As an investor, my role is to infuse money into a project or a company. Then I kick back and wait for the returns.
As the general manager, my role is to oversee the daily grind. I send emails, make phone calls, conduct research, source supplies, and do a hundred other tasks that amount to the nuts-and-bolts of the daily drudgery.
In many entrepreneurial ventures, it’s common to wear many hats — to be both the investor and the employee. In doing so, it’s easy to confuse “profit” with “paycheck.”
You Don’t Work For the Stocks You Own
If I bought stock in Coca-Cola, I wouldn’t be expected to renovate the Coke bottling factory, drive to the delivery warehouse when an order gets shipped, or design the next Coke commercial. As an investor, that’s not my job. My job is to raise the capital, accept the risk, and collect the return.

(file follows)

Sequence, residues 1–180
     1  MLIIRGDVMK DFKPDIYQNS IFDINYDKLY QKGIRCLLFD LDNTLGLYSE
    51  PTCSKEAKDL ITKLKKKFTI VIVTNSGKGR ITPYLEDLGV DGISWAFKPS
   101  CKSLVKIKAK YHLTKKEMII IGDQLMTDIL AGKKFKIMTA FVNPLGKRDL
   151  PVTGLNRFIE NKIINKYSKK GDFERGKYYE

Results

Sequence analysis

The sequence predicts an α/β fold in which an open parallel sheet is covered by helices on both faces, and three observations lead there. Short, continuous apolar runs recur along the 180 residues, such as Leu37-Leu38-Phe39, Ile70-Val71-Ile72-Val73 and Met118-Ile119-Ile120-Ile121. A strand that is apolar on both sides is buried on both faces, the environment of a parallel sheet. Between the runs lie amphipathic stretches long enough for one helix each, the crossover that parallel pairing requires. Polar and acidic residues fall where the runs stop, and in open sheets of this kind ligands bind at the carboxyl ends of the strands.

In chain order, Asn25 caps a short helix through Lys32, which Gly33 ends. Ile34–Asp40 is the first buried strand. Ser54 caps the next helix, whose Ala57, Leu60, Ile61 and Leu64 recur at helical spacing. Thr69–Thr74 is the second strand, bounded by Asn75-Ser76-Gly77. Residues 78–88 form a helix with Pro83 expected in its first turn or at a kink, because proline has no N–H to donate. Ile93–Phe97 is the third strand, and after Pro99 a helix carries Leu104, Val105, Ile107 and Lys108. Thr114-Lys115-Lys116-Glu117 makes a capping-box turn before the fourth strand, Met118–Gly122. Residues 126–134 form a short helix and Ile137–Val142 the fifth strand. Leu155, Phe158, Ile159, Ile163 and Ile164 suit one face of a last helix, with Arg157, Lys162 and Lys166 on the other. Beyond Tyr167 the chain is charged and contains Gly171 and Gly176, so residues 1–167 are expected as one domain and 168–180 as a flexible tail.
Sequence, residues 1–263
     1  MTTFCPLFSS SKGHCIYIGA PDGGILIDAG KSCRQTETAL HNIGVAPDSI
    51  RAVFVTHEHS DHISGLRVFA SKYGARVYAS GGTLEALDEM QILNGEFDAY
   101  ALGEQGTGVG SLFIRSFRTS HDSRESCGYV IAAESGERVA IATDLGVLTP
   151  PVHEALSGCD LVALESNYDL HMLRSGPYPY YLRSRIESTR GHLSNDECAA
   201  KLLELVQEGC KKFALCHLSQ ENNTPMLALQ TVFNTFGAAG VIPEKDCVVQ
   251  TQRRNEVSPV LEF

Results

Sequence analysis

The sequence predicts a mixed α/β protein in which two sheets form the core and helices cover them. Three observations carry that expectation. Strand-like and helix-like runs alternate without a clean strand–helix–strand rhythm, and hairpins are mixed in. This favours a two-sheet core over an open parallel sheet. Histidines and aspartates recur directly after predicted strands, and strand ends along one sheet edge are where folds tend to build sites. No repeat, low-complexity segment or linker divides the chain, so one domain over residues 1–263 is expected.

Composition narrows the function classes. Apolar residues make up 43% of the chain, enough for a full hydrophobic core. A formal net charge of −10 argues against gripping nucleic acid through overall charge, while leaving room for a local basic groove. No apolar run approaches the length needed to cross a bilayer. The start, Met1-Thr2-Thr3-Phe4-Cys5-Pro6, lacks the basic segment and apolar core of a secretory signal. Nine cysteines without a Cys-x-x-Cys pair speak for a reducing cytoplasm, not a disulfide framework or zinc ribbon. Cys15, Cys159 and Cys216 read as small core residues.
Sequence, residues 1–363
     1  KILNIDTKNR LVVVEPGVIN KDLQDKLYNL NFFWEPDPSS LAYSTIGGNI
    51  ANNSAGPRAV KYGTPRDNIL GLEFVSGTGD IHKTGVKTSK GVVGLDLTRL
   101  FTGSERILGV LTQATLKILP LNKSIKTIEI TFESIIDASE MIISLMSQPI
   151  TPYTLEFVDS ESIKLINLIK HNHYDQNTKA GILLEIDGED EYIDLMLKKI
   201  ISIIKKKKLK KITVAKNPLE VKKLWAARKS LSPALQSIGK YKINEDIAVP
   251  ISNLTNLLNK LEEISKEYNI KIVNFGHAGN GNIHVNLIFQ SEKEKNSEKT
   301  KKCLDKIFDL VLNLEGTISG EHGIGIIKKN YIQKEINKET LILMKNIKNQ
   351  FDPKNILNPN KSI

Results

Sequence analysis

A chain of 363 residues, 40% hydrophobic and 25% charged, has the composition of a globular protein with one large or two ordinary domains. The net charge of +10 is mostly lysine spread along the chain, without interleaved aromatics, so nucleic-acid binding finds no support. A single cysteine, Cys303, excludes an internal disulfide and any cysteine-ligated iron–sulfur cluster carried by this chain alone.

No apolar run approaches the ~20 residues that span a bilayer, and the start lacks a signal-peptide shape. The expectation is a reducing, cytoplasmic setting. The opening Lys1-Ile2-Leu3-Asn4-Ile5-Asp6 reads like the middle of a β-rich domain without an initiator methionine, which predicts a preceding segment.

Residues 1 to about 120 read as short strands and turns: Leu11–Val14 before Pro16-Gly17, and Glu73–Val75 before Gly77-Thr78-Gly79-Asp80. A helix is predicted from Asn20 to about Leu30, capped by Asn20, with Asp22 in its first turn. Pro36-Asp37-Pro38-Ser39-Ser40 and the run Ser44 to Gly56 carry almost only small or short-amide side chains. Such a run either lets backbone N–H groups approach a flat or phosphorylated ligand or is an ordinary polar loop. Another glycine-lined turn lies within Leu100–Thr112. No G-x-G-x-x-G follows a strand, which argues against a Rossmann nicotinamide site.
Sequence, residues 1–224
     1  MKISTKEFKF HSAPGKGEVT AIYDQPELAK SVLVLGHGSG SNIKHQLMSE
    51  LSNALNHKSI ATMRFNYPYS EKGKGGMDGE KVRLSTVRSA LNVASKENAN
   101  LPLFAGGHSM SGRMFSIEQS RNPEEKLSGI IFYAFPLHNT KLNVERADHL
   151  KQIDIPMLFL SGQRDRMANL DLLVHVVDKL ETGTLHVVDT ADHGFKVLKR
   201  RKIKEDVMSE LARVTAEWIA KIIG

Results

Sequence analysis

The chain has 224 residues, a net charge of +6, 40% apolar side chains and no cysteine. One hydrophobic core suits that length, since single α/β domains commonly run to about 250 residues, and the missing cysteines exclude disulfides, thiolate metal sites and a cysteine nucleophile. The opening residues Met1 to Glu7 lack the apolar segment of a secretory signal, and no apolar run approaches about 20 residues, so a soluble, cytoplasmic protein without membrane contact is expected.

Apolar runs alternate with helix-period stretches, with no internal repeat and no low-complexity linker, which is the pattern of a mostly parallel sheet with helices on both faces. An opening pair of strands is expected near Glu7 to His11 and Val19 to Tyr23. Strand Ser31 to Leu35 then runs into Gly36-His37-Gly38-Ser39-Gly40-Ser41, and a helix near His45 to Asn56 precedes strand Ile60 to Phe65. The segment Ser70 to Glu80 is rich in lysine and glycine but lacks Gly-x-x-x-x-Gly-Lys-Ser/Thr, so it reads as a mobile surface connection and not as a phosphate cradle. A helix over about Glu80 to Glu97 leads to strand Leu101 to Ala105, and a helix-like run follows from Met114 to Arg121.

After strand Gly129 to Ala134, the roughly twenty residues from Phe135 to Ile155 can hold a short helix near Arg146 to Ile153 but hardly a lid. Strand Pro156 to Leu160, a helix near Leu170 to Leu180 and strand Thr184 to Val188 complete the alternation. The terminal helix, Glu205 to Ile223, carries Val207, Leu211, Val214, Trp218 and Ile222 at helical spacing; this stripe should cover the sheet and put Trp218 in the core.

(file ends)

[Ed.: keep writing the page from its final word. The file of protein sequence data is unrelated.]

If I designed the next Coke commercial or drove to the warehouse to oversee shipping, I’d demand to be paid for my work, regardless of whether or not I also invest in the company.
Running your own business is no different. Recently, I’ve come to realize that as a real estate investor, I’ve been confusing my role as an investor with my job as the project manager.
Too many real estate investors – including me – think we can make a “bigger return” by doing the work ourselves. Newsflash: that’s not “making a return.” That’s taking on a second job (often a poorly-paying one).
As a business owner, my role is to say, “I need to hire someone at $X/hr, and their tasks will be …”
If I’m strapped for cash, I’ll hire myself. If I can find an equally-qualified candidate who will do the job for less, I’ll hire that person. If I’ve got money to invest, I’ll hire a more-qualified candidate.
But I shouldn’t perform a series of tasks myself, value that labor at $0, and then proclaim, “Hey look, I just made a 10 percent return!”
I’ve been making that mistake within my real estate investing projects. My recent decision to start delegating work, rather than doing everything myself, brought that reality to light. When you HAVE to put a monetary value on labor costs, the true profit margins come into sharp focus.
Profit vs. Paycheck
About a year ago, I wrote a blog